We’re sorry to say that it’s not possible to have a normal, loving relationship with a gaslighter. You’ll always be unhappy and always be gaslighted and manipulated. So, the only answer is to leave. But, how?
When someone is gaslighting you, of course, you’ll question your choice, for sure. But, believe that you’re right. Make your decision and be firm. [Read: How do narcissists end a relationship?]
If you live together, grab your things and leave when they’re at work or somewhere else. It will be far easier for you to get out when they’re not there to fire more gaslighting techniques at you. Go and stay with a friend or family member. Speaking of which…
If you isolated yourself from your friends and family, now is the time to reach out. They’ll be waiting for you, we promise. People who care about you will be desperate to help, whenever that call comes.
And if you can’t rely on a close friend who lives nearby, you can also approach mental health professionals. After all, professional help and therapy can help you and guide you in the right direction, especially if you feel lost and confused right now and want to regain your ability to trust people again.
Your gaslighting partner won’t like the fact you’ve left them, so get ready for an onslaught of contact. The best way to protect yourself is to block it all. Social media, their number, everything – block it. [Read: How to beat a narcissist – 14 ways to win over their manipulation]
You’re going to have doubts, this is a breakup, even if it’s escaping from a gaslighting narcissist. So, distract your mind and focus on yourself. Do things you’ve never done before, spend time with friends, and keep your mind busy. [Read: 30 secrets to get over someone you love fast and not give a damn anymore]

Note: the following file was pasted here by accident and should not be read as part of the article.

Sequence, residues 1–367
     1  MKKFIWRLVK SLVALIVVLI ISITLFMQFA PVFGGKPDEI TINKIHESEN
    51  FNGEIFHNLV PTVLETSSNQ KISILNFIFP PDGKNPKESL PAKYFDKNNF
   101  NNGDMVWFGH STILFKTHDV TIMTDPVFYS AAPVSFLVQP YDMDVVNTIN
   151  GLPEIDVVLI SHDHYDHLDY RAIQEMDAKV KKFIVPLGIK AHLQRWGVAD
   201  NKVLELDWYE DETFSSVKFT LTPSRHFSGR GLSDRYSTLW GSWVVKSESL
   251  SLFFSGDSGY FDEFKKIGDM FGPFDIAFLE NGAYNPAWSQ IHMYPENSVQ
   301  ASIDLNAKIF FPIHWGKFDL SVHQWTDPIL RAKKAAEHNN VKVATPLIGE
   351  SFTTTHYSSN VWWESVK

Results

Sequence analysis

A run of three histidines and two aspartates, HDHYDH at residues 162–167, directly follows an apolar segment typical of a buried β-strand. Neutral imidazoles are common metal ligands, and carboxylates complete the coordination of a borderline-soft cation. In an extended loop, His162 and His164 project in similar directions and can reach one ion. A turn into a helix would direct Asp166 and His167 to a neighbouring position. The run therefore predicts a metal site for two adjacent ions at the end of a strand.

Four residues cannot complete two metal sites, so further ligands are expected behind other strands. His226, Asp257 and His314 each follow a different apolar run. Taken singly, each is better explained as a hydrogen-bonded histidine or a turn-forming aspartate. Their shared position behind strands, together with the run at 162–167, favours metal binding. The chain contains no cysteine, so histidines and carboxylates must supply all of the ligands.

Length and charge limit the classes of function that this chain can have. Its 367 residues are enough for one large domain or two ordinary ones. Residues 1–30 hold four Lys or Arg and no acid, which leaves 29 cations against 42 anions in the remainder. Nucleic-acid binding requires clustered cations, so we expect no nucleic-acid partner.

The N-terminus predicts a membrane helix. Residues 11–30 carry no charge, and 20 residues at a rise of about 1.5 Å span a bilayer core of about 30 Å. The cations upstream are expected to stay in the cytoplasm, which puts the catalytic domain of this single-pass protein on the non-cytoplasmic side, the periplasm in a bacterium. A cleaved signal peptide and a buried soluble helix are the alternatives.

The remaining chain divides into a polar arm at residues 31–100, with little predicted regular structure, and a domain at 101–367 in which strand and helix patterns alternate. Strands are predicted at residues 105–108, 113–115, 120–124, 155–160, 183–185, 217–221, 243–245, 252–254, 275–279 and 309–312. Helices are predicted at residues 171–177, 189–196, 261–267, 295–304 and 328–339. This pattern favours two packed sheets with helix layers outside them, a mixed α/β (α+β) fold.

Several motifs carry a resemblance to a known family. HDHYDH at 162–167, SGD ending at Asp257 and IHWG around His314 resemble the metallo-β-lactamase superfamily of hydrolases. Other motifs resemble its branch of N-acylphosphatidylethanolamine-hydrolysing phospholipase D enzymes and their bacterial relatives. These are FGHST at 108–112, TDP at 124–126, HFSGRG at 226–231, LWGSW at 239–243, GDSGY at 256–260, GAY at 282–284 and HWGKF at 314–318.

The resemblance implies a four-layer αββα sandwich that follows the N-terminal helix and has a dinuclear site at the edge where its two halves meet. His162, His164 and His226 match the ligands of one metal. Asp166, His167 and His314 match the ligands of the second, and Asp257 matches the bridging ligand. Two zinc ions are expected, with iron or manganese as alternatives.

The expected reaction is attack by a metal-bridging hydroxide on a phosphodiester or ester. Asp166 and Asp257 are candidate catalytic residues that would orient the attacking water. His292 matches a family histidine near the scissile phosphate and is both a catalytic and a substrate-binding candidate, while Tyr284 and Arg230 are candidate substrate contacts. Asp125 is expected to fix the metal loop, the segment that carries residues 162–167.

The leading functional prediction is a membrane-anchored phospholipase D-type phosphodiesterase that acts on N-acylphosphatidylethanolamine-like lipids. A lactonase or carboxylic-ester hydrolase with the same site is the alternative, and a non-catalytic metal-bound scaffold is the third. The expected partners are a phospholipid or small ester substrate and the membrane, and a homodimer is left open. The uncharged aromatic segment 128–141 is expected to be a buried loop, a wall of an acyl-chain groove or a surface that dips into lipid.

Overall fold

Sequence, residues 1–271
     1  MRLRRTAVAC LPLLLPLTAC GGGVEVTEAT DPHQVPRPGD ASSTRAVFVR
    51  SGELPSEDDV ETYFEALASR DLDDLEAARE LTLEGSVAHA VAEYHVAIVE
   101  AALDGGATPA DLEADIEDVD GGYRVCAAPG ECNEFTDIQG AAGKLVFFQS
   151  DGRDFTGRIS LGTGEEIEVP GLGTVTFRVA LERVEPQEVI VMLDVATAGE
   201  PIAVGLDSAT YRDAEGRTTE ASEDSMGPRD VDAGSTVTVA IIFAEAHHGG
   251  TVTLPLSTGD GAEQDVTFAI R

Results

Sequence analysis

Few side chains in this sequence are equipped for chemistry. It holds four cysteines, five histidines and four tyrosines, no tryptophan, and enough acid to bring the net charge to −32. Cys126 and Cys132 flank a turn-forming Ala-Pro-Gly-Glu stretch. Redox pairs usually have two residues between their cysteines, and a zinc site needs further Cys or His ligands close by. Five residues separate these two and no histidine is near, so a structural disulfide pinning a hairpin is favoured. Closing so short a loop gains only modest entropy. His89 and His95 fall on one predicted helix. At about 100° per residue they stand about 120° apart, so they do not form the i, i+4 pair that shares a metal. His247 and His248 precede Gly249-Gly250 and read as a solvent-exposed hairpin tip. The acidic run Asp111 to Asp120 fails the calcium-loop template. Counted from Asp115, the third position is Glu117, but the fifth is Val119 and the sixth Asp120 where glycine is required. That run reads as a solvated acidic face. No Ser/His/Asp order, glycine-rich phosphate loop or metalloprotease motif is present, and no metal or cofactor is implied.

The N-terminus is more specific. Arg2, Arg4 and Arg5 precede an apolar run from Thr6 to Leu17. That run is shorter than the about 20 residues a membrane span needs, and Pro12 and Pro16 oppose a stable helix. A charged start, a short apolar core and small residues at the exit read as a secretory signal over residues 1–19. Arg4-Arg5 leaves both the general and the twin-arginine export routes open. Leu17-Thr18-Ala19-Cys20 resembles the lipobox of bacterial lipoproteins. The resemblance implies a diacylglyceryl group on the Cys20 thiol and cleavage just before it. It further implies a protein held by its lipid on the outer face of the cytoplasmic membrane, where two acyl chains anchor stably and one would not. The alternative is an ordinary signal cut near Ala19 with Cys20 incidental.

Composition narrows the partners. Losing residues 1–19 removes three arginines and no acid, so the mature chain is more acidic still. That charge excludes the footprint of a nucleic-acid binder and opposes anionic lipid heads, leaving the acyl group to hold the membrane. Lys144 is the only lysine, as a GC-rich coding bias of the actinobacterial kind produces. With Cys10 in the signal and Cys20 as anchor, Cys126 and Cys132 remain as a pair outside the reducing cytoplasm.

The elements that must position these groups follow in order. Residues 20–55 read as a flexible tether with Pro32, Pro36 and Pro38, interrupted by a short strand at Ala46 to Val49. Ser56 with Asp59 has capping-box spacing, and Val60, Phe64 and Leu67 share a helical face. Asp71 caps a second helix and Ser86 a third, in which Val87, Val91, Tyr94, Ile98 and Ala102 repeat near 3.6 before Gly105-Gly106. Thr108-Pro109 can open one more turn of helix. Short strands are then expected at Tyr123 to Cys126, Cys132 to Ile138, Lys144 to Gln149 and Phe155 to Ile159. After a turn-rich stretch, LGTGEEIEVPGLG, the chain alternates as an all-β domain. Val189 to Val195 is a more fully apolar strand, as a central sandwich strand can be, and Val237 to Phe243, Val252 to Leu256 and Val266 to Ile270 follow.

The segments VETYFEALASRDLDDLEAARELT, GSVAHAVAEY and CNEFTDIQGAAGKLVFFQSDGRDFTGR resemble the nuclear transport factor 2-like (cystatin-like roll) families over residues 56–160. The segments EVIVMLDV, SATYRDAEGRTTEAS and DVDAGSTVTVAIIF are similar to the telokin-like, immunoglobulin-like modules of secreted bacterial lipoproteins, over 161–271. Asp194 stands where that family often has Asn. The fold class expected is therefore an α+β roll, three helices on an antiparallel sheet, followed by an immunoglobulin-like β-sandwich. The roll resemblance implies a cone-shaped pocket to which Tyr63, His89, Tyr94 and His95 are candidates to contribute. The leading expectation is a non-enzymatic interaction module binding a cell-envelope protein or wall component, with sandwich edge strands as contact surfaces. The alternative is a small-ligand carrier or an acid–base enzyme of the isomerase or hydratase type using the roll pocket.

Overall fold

There is no right or wrong amount of time it will take for you to feel better and to be able to move on. All you can do is give yourself all the time you need and heal in the best way possible.
Learn to love and trust yourself again, and if you need to, reach out and speak to those around you. If you really feel you need extra help, which many victims of narcissistic abuse do, then reach out to a therapist to help you work through your thoughts and feelings.
Gaslighting is a severe and damaging control tactic that is designed to manipulate to the highest degree. Learn the signs of gaslighting, know what to do, and if it happens to you, know that it’s not your fault.
Sometimes, the people we love simply don’t turn out to be who we thought they were. That’s their issue, not yours.
[Read: What is the worst thing you can do to a narcissist to hurt them deeply?]
If you wake up one day wondering what has become of the person you used to be, then we hate to tell you, but you know the answer. What is gaslighting – abuse, nothing less. And now that you know the signs and examples of someone who has been gaslit, you should also know that it won’t stop until you break free.
Liked what you just read? Follow us on Instagram Facebook Twitter Pinterest and we promise, we’ll be your lucky charm to a beautiful love life.
LOVEPANKY IN YOUR INBOX
Get the very best of LovePanky straight to your inbox!